Lean Frontiers: Are they differences in getting middle management on board from getting executive management support?
Are there differences in getting middle management from executive management on board for 1) developing the lean enterprise and 2) direct engagement on their part? What are the differences, if any?
Posted on May 9, 2015
Archives by Tag 'kanri'
Jeff Liker

Jeff Liker: hoshin kanri links the kaizen activities of leaders and work groups at all levels so they are working toward common goals

By Jeff Liker, - Last updated: Saturday, April 27, 2013
In "The Toyota Way to Lean Leadership" we have a 4 step model of leadership development.   We place Hoshin Kanri fourth, after self development, developing others, supporting daily kaizen, and finally hoshin kanri.  What hoshin kanri can do is link together the kaizen activities of leaders and work groups at all levels so they are working toward common goals.   In a sport, for example, basketball, a game plan can do that.   But imagine the perfect game plan with a bunch of novice players going up against professionals.  It will be a blow out.  The novices do not have a chance ...

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Joel Stanwood

Joel Stanwood: Where to start with Hoshin Kanri in a not-yet-lean company?

By Joel Stanwood, - Last updated: Saturday, April 27, 2013
A mid-sized manufacturing company is finalizing its strategic plan and believes that it is time to begin Hoshin Kanri. The company is not currently operating as a Lean Enterprise -- functional silos create significant amount of waste which results in poor product/service quality and high cost to serve. Additionally, different departments and regions of the company are "pulling in different directions." What advice, resources, and lessons learned can you provide to the managers of this company to successfully organize and deploy Hoshin?
Tracey Richardson

Tracey Richardson: Ringi-sho is the formal approval process linked to hoshin kanri

By Tracey Richardson, - Last updated: Saturday, December 29, 2012
I will have to admit when I saw the word Ringi in this question, it brought back many memories of my time at Toyota (TMMK).   It's not a word I've used or heard much since my time there, even though the thinking behind it could be more common if expressed differently. As others have mentioned above Ringi or (Ringi-sho) is not necessarily a Toyota creation, it is a Japanese term which when translated (with help from John Shook) means: A high-level formal authorization/approval process, usually for major policy matters, major projects and represents formal agreement (through nemawashi) of the authorizing parties (always including finance).  It ...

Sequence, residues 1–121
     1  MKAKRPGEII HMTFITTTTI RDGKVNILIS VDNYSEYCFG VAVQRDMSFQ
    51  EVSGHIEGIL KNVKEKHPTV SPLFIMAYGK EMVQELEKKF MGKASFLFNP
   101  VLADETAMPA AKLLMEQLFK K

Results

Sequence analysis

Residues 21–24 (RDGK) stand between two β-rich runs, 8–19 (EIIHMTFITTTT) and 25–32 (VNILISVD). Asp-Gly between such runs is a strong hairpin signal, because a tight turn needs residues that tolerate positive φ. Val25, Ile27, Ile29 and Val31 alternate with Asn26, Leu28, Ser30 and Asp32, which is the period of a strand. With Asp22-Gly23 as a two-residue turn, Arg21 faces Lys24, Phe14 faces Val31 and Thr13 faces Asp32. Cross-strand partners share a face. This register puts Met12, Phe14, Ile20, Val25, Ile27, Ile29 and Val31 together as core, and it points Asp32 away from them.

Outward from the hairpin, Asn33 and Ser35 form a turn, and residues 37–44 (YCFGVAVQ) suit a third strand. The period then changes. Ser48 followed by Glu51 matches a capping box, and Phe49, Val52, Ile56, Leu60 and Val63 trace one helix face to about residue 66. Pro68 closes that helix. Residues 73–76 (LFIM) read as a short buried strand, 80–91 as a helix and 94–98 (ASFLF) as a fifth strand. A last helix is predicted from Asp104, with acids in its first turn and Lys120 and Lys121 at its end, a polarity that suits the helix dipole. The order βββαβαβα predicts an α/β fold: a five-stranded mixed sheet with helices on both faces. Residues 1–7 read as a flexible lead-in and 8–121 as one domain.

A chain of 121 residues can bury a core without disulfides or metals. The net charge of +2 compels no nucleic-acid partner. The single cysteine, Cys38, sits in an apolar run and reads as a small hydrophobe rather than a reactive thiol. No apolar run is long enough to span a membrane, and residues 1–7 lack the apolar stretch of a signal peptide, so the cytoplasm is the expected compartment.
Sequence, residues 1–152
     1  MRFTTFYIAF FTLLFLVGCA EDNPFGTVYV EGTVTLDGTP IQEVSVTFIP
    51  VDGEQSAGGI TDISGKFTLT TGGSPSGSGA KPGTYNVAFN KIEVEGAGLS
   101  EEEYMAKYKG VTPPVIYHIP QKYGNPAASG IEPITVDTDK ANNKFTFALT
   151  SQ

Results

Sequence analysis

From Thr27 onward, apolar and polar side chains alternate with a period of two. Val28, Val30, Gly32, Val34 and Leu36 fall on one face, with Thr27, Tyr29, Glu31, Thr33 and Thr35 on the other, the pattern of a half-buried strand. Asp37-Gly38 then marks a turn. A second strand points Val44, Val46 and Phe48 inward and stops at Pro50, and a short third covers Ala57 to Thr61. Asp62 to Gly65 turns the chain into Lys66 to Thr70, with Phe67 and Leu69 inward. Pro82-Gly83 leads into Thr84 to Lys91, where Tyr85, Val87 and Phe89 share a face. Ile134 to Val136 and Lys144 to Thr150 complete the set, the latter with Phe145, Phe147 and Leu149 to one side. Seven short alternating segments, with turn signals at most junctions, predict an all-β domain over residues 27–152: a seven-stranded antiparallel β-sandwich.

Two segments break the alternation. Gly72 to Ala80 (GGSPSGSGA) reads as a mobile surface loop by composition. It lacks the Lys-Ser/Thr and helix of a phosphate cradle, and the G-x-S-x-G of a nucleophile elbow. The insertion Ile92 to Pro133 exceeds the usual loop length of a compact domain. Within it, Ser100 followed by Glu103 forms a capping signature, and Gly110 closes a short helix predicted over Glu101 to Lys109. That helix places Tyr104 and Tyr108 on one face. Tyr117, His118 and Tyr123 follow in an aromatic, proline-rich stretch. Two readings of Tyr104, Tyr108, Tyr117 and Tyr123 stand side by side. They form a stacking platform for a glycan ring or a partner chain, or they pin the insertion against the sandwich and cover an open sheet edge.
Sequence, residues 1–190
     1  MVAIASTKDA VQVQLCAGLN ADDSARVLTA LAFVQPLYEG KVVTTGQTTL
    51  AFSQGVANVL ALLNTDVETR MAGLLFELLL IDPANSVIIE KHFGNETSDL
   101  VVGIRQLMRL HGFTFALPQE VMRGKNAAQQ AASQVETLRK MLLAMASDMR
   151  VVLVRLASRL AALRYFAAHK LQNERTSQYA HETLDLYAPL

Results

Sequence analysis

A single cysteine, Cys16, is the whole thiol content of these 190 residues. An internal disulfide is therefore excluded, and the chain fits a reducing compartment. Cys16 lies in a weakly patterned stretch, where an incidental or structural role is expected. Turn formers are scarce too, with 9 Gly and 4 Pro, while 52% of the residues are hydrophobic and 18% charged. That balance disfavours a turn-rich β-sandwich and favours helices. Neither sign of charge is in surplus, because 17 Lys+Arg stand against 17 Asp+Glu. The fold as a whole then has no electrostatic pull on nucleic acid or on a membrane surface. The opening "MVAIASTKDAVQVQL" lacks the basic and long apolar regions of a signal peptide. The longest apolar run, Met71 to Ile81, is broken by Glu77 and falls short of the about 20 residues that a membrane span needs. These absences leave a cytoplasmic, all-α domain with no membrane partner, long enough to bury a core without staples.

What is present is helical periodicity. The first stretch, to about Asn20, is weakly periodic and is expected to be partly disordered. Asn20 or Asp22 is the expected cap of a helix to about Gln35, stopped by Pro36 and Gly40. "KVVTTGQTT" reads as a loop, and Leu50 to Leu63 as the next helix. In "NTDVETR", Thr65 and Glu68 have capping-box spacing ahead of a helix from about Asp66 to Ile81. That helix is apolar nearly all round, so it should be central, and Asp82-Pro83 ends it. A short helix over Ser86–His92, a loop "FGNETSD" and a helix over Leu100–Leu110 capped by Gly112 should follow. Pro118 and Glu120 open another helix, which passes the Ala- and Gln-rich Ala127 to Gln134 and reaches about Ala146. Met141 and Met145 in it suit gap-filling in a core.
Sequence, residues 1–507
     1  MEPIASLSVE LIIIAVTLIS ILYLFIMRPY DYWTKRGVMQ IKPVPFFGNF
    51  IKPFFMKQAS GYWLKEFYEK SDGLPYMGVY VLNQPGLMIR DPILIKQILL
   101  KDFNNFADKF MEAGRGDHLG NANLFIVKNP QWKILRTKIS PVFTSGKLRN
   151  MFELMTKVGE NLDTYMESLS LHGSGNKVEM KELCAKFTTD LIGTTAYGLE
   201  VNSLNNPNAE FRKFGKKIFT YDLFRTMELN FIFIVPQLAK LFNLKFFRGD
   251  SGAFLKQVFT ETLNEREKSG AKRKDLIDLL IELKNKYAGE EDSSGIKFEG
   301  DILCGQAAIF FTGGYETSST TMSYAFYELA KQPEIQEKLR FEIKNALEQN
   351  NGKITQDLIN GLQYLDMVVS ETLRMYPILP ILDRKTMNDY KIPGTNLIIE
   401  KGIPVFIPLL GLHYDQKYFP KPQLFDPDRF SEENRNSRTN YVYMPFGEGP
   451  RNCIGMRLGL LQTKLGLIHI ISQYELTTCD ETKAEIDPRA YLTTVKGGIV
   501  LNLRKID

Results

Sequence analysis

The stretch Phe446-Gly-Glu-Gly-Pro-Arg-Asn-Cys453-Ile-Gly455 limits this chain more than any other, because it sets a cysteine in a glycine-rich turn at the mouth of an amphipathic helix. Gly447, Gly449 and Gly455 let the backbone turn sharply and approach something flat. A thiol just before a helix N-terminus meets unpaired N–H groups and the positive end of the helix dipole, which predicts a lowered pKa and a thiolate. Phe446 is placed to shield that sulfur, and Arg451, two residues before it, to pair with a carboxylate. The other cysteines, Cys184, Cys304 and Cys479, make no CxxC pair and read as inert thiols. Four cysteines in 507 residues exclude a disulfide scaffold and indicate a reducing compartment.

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Samuel Obara

Sammy Obara: Ringi as used by Toyota, ensures that resources will be allocated according to the Hoshin Kanri for that period

By Samuel Obara, - Last updated: Sunday, December 23, 2012
Great topic.   As to how widespread Ringi is in Toyota, I think most people in Toyota would be well familiar with this practice as it is used in all areas, from production to sales to IT.   In Toyota they refer to it as Ringi Sho, which is roughly translated to Approval Document.  But as some other Japanese or Toyota terminologies, this one should not be just roughly translated.  It brings a much deeper concept which makes it fair to use the Japanese terminology. Ringi as used by Toyota, ensures that resources will be allocated ...

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Art Smalley

Art Smalley: Houshin Kanri & PDCA

By Art Smalley, - Last updated: Monday, July 30, 2012
This question centers upon how do you maintain focus and momentum on a Lean journey. In a nutshell that is why Toyota developed and utilized its form of Houshin Kanri and PDCA management. Toyota did not invent these tools but they apply them as well as any company that I have come across. Honestly it is easy for any company in the world including Toyota to get off track at times and falter. It takes strong leadership to stay on course or to intentionally deviate when necessary. The first part of the submitted question uses the word "focus". The term ...

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Jeff Liker

Jeff Liker: Goal setting through Hoshin Kanri

By Jeff Liker, - Last updated: Thursday, January 7, 2010
The answer is a qualified yes.  In fact Toyota has an annual goal setting process called hoshin kanri and the office of the CFO is very involved in setting the financial targets for the corporation.  They are then cascaded down throughout the world at all levels and there are regular reviews of progress through the year.  They almost always hit the targets.  My qualification is that Toyota has worked really, really hard to develop the capability to deliver on those targets.  The key is the capability of the people and the process to deliver.  Toyota has invested heavily in that ...

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